Translation (2008) by Alison Anderson
Readers: Barbara Rosenblat as Renee and Cassandra Morris as Paloma.
In a nutshell:
Renee Michel is the concierge at a Parisian apartment building inhabited by the rich and pretentious. She keeps up a dull facade to the tenants but has an active life of the mind, fueled by philosophy books, Tolstoy and Japanese films. Paloma Josse is a 12 year old girl whose family resides in the building. She too is very intelligent but despairs of finding meaning to life.
When a kind and observant Japanese gentleman moves into a recently vacated flat in their building, his friendship with both Paloma and Renee will cause them to reassess their view of life.
Have you ever listened to a person rant about how only he or she sees the world clearly, and all other people are mindless sheep? I’ve mostly encountered this sort of person on the internet, especially in the comment sections of news articles. (One of the many reasons why one should avoid the online comment sections of news articles – it’s better for the blood pressure.)
Renee and Paloma remind me of that person. The beginning of the book, especially, is riddled with almost-misanthropic musings. The introduction of the inperturbably gentle Mr. Ozu as a character was a welcome reprieve to all the bitterness. Also Renee and Paloma’s commentary on the world around them softens as a result of their acquaintance with Mr. Ozu. I was definitely a fan of Mr. Ozu. He reminds me of those awesome souls who approach relationships simply and without pretense, who seem never to have heard of the word ‘angst.’
I was not an overall fan of The Elegance of the Hedgehog, however. A major portion of the book consists of either Renee or Paloma’s inner discourse on a subject or insight into an observed event. I don’t object to this rambling style in and of itself, but the content better be worth dragging the reader down into it. Unfortunately, I did not find the content to be all that illuminating or intriguing. Yes, there were some passages that I did enjoy, but mostly they teetered on being tedious. I think I would have managed worse in print. Both audio book narrators were very capable and this helped me through the long-winded nature of their characters’ inner monologues.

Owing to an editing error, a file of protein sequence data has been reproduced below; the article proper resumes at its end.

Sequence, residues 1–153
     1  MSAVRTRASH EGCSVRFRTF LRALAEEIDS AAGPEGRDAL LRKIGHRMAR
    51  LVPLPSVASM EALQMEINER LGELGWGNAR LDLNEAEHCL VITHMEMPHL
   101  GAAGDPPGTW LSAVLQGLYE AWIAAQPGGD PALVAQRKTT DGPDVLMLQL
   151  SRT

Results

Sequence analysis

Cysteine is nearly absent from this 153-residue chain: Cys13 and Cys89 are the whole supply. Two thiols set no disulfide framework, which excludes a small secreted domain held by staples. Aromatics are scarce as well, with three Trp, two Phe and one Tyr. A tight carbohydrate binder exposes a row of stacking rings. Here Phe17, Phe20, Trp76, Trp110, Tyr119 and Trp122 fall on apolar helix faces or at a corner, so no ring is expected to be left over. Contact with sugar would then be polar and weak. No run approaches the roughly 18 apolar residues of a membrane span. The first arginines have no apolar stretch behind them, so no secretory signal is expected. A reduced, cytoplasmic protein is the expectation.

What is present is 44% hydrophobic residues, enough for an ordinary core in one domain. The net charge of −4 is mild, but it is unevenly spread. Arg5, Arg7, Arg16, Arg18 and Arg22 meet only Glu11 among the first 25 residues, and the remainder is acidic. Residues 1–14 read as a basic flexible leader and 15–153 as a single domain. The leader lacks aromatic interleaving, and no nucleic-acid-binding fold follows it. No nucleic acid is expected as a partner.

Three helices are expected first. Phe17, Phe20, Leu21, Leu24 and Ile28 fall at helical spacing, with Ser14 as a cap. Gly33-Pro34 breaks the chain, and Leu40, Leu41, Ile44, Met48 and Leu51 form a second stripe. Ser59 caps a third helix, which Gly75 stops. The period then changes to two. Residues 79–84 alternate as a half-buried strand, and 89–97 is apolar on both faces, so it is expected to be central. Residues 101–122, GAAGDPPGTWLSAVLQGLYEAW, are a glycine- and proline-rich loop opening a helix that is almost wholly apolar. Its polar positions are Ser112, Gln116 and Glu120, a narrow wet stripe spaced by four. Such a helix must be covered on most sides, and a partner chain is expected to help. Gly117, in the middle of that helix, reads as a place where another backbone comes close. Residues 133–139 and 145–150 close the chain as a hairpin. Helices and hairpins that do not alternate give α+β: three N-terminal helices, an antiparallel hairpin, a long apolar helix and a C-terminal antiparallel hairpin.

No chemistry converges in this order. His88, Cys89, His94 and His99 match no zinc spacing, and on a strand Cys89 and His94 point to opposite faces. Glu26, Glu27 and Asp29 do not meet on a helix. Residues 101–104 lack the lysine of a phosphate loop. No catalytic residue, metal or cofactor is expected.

Barbery’s decision to throw some abrupt and unnecessary drama into the ending further soured me on the book. Throughout the book, the characters are defined by their grasp of subtlety in an obtuse world. The plot twist at the end seemed decidedly unsubtle in its play for the reader’s emotions.
I’m glad I finished the book, if only so I can throw my opinion into the mixed bag of responses to The Elegance of the Hedgehog.
books i done read – hilarious (negative) review that is too spoiler-iffic to quote here.
Shelf Love – “I understand that the author is a professor of philosophy. This shows in the elegance with which she discusses ideas. But she is also a writer who gives us a lovely story peopled with interesting characters, and manages to tug at our heartstrings, too.”
Vulpes Libris – “At times, these [digressions] read like a rather transparent vehicle for the author’s pet subjects . . . and the integrity of the characters’ voices sometimes suffers as a result.”